These days, people are recalling the achievements of the late Abdulhussain Abdulredha. Al Arabiya television channel broadcast a documentary entitled ‘This is Hasininoh’ in two parts. The documentary recounted the history of the artist in line with the history of his country (Kuwait) which he did not leave and remained loyal to until the days of its invasion.
MBC did the same as it dedicated three hours to recall the glory of Kuwaiti art. The issue was not meant to just lament the late artist, but to remember the role he played and the battles he fought. For example, after the liberation of Kuwait, Abdulredha decided to stage a play about Saddam Hussein. He gathered a group of Kuwaiti theater figures and wrote ‘Saif al-Arab’, which was staged in 1992.
An artist who fought terror
Moments before his arrival to the theater, his car was peppered with a hail of bullets. He survived the assassination attempt, but kept defending his country till the last moment. In this sense, German poet Hölderlin has aptly said: “I have publicly pledged my heart to the great afflicted land, and I have often promised, in the darkness of the holy night, to love it to death, without any contempt to any of its mysteries, with all the burdens of fate, as such, I am linked to it with a fatal connection.” Life is really peculiar. Man escapes from inevitable death, and then he slowly dies.
Abdulhussain Abdulredha, also known as Abu Adnan, was known to be an artist with a vision, and this is rarely the case with comedy artists, since comedy becomes the purpose. However, Abu Adnan was not like that. He was an intellectual with clear perceptions and a vision.
He had his feuds with the House of Representatives, and he was what can be described as a conservative liberal on the political level. He chose security and stability above revolutionary struggle theories which led him to be different in some of his works than his contemporaries, many of whom were swayed by nationalist or leftist movements. Nevertheless, the late artist maintained a distance and did not involve himself in conflicts that would not have reflected well on his talent.
Very early on, the late artist took a position against terrorism. He is in the Gulf like Adel Imam is in Egypt. Both men have shown exemplary courage in discussing intellectual extremism and in shedding light on terrorism, takfir and accusing others of treachery. His plays, especially the ones he wrote, covered important issues that conveyed a message. Despite his conviction that art should be for the sake of art, in the sense that art should be the ultimate end, including a message didn’t inhibit the artistic function.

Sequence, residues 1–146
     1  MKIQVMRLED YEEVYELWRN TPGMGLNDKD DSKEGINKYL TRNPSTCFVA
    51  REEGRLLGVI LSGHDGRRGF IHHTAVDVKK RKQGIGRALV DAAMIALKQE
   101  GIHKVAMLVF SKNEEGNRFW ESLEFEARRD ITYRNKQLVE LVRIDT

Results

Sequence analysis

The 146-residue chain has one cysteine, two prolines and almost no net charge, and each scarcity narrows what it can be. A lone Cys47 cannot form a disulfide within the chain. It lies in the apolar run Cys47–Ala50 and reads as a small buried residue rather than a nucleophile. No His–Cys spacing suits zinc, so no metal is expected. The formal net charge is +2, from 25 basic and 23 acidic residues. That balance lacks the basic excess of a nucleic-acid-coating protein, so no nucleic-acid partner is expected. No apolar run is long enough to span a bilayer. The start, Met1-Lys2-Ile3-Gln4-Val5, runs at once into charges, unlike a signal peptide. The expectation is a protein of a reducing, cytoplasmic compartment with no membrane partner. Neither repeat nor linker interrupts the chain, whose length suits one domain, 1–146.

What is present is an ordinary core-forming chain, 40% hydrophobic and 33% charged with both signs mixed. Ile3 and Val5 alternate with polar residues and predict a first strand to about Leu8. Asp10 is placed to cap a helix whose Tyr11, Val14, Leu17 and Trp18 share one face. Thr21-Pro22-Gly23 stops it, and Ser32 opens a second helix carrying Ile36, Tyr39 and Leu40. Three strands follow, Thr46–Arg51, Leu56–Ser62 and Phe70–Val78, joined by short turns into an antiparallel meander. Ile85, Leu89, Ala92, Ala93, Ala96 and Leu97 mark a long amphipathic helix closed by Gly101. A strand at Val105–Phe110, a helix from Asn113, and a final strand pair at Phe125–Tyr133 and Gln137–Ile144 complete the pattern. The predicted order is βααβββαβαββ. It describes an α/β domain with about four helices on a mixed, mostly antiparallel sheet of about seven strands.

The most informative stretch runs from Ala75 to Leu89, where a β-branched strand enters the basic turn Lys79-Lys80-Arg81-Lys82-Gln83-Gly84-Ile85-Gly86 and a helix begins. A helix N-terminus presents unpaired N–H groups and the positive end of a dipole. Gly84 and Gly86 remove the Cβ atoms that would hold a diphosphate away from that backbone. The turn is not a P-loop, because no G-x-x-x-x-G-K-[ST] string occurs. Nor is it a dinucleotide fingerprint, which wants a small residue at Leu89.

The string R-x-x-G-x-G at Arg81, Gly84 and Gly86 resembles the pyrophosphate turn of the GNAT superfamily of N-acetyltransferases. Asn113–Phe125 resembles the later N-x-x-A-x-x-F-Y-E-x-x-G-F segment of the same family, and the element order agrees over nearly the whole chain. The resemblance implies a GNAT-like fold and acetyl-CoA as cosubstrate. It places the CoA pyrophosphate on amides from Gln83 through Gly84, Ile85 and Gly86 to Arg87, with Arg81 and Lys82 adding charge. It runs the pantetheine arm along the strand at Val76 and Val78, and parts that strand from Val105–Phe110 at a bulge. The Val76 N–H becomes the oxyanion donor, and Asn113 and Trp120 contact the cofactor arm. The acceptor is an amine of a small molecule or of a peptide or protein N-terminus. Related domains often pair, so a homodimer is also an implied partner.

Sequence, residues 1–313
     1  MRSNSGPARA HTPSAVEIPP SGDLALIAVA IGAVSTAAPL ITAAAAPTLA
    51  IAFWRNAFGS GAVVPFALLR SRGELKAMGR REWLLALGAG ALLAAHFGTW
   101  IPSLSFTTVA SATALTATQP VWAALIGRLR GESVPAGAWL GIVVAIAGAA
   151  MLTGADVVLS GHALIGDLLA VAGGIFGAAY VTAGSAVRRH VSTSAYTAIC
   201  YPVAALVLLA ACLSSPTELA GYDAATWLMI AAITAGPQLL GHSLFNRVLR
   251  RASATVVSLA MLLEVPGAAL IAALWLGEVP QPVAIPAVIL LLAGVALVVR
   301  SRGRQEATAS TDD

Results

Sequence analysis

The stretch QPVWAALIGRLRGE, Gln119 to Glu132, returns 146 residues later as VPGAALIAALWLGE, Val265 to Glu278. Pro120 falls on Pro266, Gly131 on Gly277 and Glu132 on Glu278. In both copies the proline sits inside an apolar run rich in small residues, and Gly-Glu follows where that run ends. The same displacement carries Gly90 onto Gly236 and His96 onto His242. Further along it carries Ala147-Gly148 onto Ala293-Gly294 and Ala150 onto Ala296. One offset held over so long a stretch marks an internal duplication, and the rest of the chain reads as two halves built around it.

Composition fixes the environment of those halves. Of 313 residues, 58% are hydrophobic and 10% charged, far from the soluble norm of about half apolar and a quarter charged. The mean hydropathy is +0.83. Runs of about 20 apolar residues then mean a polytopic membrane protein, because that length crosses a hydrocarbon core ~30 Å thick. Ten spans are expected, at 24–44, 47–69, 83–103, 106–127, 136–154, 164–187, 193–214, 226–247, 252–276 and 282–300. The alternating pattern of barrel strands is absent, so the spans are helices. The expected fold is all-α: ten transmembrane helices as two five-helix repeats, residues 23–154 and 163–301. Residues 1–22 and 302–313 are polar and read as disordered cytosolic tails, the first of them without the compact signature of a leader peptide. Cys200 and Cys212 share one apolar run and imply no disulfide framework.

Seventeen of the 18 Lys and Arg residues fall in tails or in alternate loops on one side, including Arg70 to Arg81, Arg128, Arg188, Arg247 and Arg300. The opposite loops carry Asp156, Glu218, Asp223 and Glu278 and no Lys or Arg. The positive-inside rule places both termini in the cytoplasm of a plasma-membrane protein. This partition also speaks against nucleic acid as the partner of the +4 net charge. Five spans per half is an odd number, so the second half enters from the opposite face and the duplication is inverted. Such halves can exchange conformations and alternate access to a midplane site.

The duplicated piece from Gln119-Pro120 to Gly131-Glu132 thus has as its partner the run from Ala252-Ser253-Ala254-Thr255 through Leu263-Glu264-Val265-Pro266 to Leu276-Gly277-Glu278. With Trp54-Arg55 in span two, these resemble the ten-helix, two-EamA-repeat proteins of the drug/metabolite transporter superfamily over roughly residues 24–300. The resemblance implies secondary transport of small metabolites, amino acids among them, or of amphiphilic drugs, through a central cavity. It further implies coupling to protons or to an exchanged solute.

An enduring legacy
Art can be an end in itself without being the bearer of a message for societies that have transcended greater issues, such as Western societies. However, in a region riddled with chaos and intellectual confusion, art must bear a message that enlightens the minds of generations on dangerous moral, intellectual and social phenomena.
When Abdulhussain passed away he left an eternal artistic legacy. Artists are among the most capable of being immortalized in history. They etch on our souls impressions that are impossible to erase and that will not be forgotten unless the British forget Charlie Chaplin. The late artist turned his art into a legacy for the Gulf and Arabs, and his famous works are a testimony to the generations.
German philosopher Heidegger has delved into the subject of the immortality of art when he said that preserving the work of art does not make people relate to their own experiences but it calls on them to merge into a reality employed in the work of art, since the relationship between the artist and the audience does not negate the fact that the work of art is independent in itself and doesn’t need to be proven as truth establishes for itself. He added that the artist proves this truth for the viewer and the latter preserves it and concluded that art is the origin of work of art.
The late artist was keen on bringing new elements to humor. He fought to strengthen the theater as a daily feature of Kuwaiti society, against opponents who considered the theatre to be outside the scope of ‘Islamic art’. He fought, alongside Khaled Nafisi, Saad Faraj and others, to win over the haters of the art movement.
While it is true that the Kuwaiti theater is not the same as it was before the invasion, but the mere victory over the fundamentalist view of the theater was in itself an important achievement, since art has its own ways and weapons to fight hatred and darkness.
This article is also available in Arabic.
Fahad Shoqiran is a Saudi writer and researcher who also founded the Riyadh philosophers group. His writings have appeared in pan-Arab newspaper Asharq al-Awsat, Alarabiya.net, among others. He also blogs on philosophies, cultures and arts. He tweets @shoqiran.